Actually, going to be a lot of loose ends to pull together around here for awhile.
One of those is recent Supreme Court action. Seems timely now that I have updated the Supreme Court page.
First, I wanted to mention Sotomayor's dissent from the denial of cert. in Fairey v. Tucker. The issue in the case was petitioner's right to be present at the trial. Reading between the lines of her dissent, it appears that the lower court denied the petition based on the lack of clearly established law covering the particular situation. Or maybe it was simply not an unreasonable application of clearly established law. Overall, doesn't matter.
Before I get to the specifics of the dissent, it is important to mention two unusual aspects to the case. First, petitioner was pro se. Rare to see a pro se case get a lot of attention. Second, Sotomayor's dissent really is about whether a COA should have been granted, not necessarily whether the district court was wrong in denying the petition.
And Sotomayor makes a convincing case that there was enough established law to, at the very least, justify a COA on the issue. What happened was petitioner was representing himself in the trial court. He showed up at all of his pre-trial court dates but then did not show up at the trial. Notice was sent to him about his trial date, but it was sent to old addresses in California and South Carolina. But he had moved to Florida. He had let the court know about this. Petitioner had signed a bond saying that he understood that if he did not appear in court, the trial would proceed without him. But that bond did not advise him of his trial date.
Sotomayor concludes that, in upholding the conviction, the state created a new exception to the right to be present -- a defendant's actions before the trial began. She did not believe that the law or the facts here justified such a step. Rather, the trial should not have begun until the defendant had actually waived his right to be present. She believed that, based on the facts here and the importance of the right, there should have been more review of the case. Here's her powerful summary:
A trial conducted without actual notice to a defendant and in his absence makes a mockeryof fair process and the constitutional right to be present attrial. That is particularly true where, as here, the defendant participated actively in his defense and kept the Stateinformed of his whereabouts.
It's too bad that no other Justice decided to join her.
One other Supreme Court thing to note. In the most recent SCOTUSblog relist post, it is noted that a habeas case is among one of the three new relists: Williams v. Wetzel. The issues are:
(1) Does Harrington v. Richter, which interpreted 28 U.S.C. § 2254(d)(1) as requiring federal habeas courts to determine what arguments or theories could have supported the state court judgment when the state court ruling is unexplained, also apply when the state court has explained the basis for its ruling, a question that has divided the Courts of Appeals?; (2) Should this Court grant certiorari, vacate, and remand for reconsideration in light of Cullen v. Pinholster – which was decided after the Third Circuit issued its opinion — where the Third Circuit assessed reasonableness under § 2254(d)(1) in the light of evidence that was presented for the first time in federal court?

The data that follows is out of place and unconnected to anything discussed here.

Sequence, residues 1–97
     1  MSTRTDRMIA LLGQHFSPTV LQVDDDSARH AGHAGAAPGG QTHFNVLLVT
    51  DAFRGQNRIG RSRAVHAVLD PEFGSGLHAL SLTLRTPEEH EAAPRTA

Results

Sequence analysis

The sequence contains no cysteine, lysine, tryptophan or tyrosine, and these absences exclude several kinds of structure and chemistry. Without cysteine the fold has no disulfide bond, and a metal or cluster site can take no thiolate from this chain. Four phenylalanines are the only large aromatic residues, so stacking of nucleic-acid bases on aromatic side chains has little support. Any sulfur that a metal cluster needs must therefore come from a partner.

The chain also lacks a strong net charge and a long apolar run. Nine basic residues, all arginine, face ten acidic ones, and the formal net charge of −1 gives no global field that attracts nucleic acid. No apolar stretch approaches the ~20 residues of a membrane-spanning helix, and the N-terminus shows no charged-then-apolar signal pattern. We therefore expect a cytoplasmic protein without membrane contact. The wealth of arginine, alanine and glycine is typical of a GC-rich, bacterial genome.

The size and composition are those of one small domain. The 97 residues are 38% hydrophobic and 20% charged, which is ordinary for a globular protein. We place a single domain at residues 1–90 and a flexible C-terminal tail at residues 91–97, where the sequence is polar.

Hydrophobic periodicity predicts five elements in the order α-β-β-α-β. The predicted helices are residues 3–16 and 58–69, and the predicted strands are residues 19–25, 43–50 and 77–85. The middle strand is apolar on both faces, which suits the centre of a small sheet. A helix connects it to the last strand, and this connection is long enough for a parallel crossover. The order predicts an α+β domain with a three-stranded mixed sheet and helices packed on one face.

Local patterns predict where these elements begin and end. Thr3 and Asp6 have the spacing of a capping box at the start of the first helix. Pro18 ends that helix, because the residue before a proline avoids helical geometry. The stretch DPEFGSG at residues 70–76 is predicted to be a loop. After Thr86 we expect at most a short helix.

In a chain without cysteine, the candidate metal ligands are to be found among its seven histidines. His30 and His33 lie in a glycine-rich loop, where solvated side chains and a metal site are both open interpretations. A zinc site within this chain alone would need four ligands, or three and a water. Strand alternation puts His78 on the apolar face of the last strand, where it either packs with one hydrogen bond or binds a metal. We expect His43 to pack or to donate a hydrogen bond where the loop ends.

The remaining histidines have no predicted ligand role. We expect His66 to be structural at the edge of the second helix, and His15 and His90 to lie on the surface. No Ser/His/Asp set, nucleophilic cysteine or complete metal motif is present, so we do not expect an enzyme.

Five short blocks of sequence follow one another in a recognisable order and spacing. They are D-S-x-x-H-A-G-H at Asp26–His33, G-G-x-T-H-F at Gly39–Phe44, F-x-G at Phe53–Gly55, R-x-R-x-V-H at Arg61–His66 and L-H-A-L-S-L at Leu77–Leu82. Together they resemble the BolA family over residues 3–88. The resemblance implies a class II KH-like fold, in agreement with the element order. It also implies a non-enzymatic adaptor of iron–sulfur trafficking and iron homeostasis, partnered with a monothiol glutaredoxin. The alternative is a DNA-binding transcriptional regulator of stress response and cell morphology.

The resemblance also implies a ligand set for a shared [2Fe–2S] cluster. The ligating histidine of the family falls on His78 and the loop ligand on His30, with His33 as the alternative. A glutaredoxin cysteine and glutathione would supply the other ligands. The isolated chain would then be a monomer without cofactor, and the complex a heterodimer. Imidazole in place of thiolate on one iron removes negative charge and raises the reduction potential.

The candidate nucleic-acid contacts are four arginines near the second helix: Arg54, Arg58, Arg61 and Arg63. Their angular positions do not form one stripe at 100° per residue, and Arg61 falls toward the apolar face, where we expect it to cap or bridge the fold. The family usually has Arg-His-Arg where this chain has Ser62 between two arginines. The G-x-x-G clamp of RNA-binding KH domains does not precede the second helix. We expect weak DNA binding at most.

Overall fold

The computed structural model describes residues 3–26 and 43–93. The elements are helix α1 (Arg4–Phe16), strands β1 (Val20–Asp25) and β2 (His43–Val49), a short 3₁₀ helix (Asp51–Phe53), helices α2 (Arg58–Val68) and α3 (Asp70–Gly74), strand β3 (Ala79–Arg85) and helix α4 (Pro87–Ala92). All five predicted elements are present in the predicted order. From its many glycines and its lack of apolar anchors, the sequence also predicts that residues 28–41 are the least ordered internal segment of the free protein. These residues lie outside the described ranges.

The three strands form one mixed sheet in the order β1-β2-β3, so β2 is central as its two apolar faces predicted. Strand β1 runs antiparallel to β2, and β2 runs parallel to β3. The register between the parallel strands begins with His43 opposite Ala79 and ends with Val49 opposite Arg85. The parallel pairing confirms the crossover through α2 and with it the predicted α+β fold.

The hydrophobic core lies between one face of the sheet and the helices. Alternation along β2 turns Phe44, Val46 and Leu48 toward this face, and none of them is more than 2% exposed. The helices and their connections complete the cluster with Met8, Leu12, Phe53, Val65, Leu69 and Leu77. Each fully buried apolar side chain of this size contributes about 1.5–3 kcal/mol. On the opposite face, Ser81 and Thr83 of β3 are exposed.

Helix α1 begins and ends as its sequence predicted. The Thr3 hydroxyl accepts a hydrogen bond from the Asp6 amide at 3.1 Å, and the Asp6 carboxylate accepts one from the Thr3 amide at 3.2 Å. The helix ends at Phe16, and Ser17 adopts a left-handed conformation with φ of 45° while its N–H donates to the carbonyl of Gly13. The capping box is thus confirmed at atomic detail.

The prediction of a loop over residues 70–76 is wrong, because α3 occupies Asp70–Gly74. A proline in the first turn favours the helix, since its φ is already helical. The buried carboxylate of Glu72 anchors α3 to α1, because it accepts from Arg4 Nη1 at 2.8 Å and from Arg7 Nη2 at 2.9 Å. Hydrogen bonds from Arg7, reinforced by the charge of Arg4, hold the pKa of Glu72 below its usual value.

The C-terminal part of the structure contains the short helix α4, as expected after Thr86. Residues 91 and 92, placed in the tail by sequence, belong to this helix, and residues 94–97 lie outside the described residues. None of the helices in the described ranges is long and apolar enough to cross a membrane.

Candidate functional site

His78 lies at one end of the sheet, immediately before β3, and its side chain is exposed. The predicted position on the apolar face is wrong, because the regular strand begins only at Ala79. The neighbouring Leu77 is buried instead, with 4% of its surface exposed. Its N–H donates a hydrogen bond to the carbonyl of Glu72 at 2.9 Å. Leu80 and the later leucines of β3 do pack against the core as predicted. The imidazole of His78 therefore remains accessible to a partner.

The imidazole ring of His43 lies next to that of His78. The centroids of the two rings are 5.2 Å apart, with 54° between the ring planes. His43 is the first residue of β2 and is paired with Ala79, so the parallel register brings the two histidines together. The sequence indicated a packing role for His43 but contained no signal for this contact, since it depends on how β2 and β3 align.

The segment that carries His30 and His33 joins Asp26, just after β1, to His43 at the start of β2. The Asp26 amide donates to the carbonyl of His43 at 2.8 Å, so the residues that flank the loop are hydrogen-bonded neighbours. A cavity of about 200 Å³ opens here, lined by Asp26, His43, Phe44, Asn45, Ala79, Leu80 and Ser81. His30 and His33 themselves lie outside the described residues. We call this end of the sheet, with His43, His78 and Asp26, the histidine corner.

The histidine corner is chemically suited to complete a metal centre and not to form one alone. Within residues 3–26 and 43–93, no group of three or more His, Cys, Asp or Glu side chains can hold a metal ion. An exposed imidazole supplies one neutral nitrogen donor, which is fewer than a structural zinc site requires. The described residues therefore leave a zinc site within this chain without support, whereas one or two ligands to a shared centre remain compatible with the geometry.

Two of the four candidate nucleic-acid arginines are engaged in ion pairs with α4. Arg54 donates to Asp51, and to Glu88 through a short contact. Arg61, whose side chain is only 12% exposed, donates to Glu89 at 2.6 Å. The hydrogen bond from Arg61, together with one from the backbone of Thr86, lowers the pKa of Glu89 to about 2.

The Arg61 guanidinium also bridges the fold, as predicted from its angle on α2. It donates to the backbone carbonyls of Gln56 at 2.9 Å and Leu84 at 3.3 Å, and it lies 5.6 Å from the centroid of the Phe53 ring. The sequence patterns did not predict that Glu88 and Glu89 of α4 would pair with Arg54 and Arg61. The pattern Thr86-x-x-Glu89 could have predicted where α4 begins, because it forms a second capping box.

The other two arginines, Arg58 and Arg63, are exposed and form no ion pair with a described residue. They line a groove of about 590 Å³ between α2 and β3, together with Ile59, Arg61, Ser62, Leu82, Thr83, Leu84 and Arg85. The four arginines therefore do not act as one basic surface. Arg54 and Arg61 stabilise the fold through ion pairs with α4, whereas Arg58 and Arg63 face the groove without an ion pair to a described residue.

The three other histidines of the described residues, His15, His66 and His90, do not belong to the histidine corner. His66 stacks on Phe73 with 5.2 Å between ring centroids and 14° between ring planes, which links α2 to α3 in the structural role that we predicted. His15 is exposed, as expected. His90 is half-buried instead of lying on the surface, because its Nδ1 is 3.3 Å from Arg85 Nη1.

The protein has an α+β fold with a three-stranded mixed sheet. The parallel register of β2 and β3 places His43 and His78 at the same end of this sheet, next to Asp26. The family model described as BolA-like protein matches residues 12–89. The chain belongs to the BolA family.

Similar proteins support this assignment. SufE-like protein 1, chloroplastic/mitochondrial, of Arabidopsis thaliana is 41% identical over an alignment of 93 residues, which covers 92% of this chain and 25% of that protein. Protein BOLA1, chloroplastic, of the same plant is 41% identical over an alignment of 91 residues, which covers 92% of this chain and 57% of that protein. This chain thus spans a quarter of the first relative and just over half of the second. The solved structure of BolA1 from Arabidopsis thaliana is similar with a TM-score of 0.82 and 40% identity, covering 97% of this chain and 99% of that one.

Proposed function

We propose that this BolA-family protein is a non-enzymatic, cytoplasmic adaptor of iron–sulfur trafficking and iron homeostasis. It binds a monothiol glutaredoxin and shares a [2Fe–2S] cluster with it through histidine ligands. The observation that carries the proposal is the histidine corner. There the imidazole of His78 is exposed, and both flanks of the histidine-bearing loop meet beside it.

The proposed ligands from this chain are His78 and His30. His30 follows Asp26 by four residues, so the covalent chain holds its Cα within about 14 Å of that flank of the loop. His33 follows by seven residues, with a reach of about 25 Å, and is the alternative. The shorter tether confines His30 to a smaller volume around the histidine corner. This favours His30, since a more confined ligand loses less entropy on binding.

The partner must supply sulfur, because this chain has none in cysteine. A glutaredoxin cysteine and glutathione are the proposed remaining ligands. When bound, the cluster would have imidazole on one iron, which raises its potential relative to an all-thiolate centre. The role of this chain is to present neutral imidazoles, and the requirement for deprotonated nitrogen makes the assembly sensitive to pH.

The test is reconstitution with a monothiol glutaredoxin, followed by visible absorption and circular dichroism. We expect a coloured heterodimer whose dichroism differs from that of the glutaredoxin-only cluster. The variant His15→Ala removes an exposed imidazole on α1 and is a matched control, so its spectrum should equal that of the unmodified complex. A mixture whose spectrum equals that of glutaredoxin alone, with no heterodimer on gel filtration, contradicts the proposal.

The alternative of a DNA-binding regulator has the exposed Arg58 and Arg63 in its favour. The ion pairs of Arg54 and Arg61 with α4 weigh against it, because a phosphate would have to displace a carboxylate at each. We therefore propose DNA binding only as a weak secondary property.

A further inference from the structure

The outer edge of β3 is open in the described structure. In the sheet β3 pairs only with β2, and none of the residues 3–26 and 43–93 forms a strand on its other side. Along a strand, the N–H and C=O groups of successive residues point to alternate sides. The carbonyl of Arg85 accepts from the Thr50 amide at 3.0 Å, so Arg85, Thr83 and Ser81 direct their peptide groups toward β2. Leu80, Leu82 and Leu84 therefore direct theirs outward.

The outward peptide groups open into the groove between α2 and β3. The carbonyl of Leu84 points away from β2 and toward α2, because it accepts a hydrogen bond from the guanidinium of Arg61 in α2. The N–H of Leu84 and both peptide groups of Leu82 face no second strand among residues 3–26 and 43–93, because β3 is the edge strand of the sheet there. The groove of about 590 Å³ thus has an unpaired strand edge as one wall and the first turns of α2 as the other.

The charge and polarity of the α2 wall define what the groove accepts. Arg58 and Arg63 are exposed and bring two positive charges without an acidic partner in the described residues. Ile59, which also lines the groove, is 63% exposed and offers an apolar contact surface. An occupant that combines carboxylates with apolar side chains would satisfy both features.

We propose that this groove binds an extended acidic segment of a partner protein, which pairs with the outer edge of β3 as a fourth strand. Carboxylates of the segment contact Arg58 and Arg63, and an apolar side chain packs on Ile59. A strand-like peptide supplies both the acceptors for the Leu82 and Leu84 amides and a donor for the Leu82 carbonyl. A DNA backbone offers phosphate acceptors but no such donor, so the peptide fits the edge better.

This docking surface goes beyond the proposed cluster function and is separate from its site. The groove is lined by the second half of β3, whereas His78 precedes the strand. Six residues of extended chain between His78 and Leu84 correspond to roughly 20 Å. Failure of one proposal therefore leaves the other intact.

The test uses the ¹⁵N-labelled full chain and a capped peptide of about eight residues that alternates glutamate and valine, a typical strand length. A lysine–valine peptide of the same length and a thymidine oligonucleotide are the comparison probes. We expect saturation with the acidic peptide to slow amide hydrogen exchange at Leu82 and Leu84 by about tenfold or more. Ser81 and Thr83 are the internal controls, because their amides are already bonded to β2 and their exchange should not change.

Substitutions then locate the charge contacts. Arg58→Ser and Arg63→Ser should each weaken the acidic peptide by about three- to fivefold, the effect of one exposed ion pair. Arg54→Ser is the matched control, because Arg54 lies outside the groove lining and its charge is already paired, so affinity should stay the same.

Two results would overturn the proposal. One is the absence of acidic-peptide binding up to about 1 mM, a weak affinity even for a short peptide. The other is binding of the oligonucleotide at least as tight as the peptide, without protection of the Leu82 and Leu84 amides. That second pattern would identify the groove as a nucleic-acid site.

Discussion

Both really fascinating issues. Both very technical, but it does appear, based on Greene v. Fisher and the habeas case currently on the Court's docket (Cavazos v. Williams), that the Court is very interested in getting down into the nitty gritty on how to apply the standard of review. And these two issues are really interesting ones in light of Richter and Pinholster, cases that dramatically altered habeas law.
On the Richter issue, I'll put it in plain English (to borrow a SCOTUSblog concept). What they are saying is that, on habeas review, are the federal courts constrained to the state court's reasons in determining whether or not the state court acted reasonably or can they consider any reason in existence for finding the state court's decision reasonable. I think that Richter said something like "all possible reasons" for a state court decision. My interpretation was that it could be any reason, even if not mentioned in the decision. But maybe I was just being overly cynical. There does seem to be a split on the issue. While technical, this is a really important practical question.
On Pinholster, plain English: what's good for the goose must be good for the gander. I.e., if petitioner cannot rely on new facts established at a hearing in federal court, then neither can the State. Logic says that petitioner is right. But don't forget the mantra: habeas is different. Logic doesn't always apply.
Final conference, I believe, is today. We will get a better sense of what's going on with this case when the order list is issued.
UPDATE: Cert. was denied in Williams (order list here).